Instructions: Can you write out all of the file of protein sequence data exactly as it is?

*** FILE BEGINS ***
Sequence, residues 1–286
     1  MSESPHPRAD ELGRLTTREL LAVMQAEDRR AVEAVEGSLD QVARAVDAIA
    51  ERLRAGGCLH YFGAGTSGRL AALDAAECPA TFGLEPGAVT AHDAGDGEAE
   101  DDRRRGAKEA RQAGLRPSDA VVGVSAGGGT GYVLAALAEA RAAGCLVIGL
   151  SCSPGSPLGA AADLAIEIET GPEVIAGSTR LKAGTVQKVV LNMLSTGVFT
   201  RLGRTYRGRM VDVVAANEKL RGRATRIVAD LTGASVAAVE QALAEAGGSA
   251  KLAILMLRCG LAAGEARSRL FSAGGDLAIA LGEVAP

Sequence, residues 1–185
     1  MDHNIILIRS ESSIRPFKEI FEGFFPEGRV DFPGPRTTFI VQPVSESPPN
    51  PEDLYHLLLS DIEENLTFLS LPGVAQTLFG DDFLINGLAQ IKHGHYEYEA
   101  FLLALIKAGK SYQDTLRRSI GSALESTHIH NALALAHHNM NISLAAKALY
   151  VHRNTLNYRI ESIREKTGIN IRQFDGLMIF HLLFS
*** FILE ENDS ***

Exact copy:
Sequence, residues 1–286
     1  MSESPHPRAD ELGRLTTREL LAVMQAEDRR AVEAVEGSLD QVARAVDAIA
    51  ERLRAGGCLH YFGAGTSGRL AALDAAECPA TFGLEPGAVT AHDAGDGEAE
   101  DDRRRGAKEA RQAGLRPSDA VVGVSAGGGT GYVLAALAEA RAAGCLVIGL
   151  SCSPGSPLGA AADLAIEIET GPEVIAGSTR LKAGTVQKVV LNMLSTGVFT
   201  RLGRTYRGRM VDVVAANEKL RGRATRIVAD LTGASVAAVE QALAEAGGSA
   251  KLAILMLRCG LAAGEARSRL FSAGGDLAIA LGEVAP

Sequence, residues 1–185
     1  MDHNIILIRS ESSIRPFKEI FEGFFPEGRV DFPGPRTTFI VQPVSESPPN
    51  PEDLYHLLLS DIEENLTFLS LPGVAQTLFG DDFLINGLAQ IKHGHYEYEA
   101  FLLALIKAGK SYQDTLRRSI GSALESTHIH NALALAHHNM NISLAAKALY
   151  VHRNTLNYRI ESIREKTGIN IRQFDGLMIF HLLFS